In my day, when Kurt Cobain was president and we youngsters went to college to get jobs that actually existed, the only questions colleges asked you on their applications were these: "Have you ever been convicted of a felony?" And "Are you smart? Describe below." Life was simple then.

Nowadays, the colleges want to know how your mind works and get to know what kind of person you are (at least the kind of person you are on college application forms), as UPI reports. Columbia University wants to know about your favorite movie (tie between City of God and Ashes and Diamonds). Brandeis wants to know what kind of costume you'd wear for a full year if given the chance (SuperProle—my superpowers include the amazing ability to see through phony people's pretenses and bullshit, identify the beauty of an abandoned steel mill, and eat copious amounts of macaroni salad from supermarket delis). The University in Atlanta asks you about your favorite amusement park ride, and What It Says About You (The Pirate Ship; either that I once fought on the high seas in search of adventure and golden doubloons, or enjoy barfing on the backs of people's heads).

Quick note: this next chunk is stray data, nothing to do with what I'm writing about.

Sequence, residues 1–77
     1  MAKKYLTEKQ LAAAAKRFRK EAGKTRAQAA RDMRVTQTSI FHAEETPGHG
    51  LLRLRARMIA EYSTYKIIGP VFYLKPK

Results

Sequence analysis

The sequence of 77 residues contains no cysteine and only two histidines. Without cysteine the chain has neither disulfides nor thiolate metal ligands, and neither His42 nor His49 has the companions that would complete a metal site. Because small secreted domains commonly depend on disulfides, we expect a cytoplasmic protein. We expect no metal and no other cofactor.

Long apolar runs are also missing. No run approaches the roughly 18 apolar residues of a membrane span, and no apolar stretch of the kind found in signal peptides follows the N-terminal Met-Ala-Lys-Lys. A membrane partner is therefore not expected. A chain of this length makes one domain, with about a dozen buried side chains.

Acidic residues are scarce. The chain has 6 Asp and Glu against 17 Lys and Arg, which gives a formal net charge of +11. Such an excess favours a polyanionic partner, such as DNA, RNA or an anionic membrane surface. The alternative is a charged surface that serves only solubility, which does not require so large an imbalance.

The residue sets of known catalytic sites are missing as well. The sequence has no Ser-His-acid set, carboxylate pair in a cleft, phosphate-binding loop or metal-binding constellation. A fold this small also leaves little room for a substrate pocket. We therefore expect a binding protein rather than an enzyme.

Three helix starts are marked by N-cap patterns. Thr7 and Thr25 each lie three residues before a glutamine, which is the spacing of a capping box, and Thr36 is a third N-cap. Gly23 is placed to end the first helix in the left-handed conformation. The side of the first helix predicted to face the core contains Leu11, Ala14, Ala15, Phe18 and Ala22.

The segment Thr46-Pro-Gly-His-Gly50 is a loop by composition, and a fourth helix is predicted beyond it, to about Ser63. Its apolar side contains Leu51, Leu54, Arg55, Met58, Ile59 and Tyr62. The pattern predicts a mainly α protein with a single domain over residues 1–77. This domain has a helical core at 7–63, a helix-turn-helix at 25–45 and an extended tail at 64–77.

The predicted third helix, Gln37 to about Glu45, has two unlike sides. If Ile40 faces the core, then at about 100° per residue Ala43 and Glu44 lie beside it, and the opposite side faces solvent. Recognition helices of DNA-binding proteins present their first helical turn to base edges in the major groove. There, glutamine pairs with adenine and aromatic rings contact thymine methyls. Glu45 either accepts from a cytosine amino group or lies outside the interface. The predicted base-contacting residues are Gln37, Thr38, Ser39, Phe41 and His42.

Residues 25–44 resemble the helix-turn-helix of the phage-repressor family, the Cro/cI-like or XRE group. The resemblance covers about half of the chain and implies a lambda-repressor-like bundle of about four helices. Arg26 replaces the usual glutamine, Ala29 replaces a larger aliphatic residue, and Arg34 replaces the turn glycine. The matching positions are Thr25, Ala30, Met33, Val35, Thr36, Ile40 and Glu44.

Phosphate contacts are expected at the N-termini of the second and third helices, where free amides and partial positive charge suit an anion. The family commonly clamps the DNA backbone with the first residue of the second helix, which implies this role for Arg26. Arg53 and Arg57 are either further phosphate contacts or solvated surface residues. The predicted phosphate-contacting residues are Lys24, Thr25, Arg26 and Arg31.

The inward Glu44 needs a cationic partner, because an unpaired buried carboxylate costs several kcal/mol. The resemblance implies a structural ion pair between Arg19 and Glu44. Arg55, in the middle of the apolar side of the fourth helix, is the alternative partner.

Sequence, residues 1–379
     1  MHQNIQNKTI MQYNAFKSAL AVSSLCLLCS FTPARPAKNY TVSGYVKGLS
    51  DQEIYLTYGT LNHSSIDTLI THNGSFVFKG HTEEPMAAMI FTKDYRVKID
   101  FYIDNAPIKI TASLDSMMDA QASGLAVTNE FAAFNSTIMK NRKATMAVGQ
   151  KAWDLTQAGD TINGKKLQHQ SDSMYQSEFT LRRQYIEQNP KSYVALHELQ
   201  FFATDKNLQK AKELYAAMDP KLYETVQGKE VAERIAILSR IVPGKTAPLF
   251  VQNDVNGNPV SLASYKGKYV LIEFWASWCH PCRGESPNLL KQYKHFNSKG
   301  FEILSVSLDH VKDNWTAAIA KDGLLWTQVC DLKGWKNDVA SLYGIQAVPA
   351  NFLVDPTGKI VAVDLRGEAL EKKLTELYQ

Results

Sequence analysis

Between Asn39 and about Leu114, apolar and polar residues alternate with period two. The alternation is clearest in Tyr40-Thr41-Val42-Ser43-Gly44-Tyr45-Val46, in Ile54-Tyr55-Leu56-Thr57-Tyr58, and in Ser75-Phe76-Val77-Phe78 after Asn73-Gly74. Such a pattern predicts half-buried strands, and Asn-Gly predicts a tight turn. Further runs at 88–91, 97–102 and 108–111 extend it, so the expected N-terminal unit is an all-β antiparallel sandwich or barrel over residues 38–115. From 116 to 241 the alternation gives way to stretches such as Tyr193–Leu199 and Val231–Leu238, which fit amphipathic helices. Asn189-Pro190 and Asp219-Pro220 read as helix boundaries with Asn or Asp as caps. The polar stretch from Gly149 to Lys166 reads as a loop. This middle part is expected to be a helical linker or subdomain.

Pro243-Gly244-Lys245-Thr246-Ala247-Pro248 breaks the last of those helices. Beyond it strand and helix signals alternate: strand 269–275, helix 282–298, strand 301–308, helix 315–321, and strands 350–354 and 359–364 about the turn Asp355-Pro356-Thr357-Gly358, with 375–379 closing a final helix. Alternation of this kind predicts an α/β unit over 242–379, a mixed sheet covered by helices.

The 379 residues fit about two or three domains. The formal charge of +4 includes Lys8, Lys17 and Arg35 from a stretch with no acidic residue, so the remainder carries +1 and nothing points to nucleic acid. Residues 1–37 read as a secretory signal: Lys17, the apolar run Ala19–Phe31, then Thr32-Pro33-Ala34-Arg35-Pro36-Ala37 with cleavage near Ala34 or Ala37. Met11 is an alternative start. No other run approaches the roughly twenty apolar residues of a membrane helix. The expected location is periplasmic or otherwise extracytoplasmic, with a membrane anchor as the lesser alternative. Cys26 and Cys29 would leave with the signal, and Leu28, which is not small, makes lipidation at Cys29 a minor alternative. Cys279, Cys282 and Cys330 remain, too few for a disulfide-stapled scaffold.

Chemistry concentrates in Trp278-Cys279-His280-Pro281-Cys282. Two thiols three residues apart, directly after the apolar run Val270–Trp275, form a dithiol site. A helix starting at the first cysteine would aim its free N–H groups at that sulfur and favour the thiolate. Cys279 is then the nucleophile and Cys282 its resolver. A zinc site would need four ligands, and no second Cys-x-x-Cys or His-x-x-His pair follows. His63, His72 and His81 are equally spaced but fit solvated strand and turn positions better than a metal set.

Does asking these questions help the schools make better admissions decisions? Who knows. But they probably help admissions counselors to decide which incoming freshmen to ask out on dates, and to make more informed Netflix choices.

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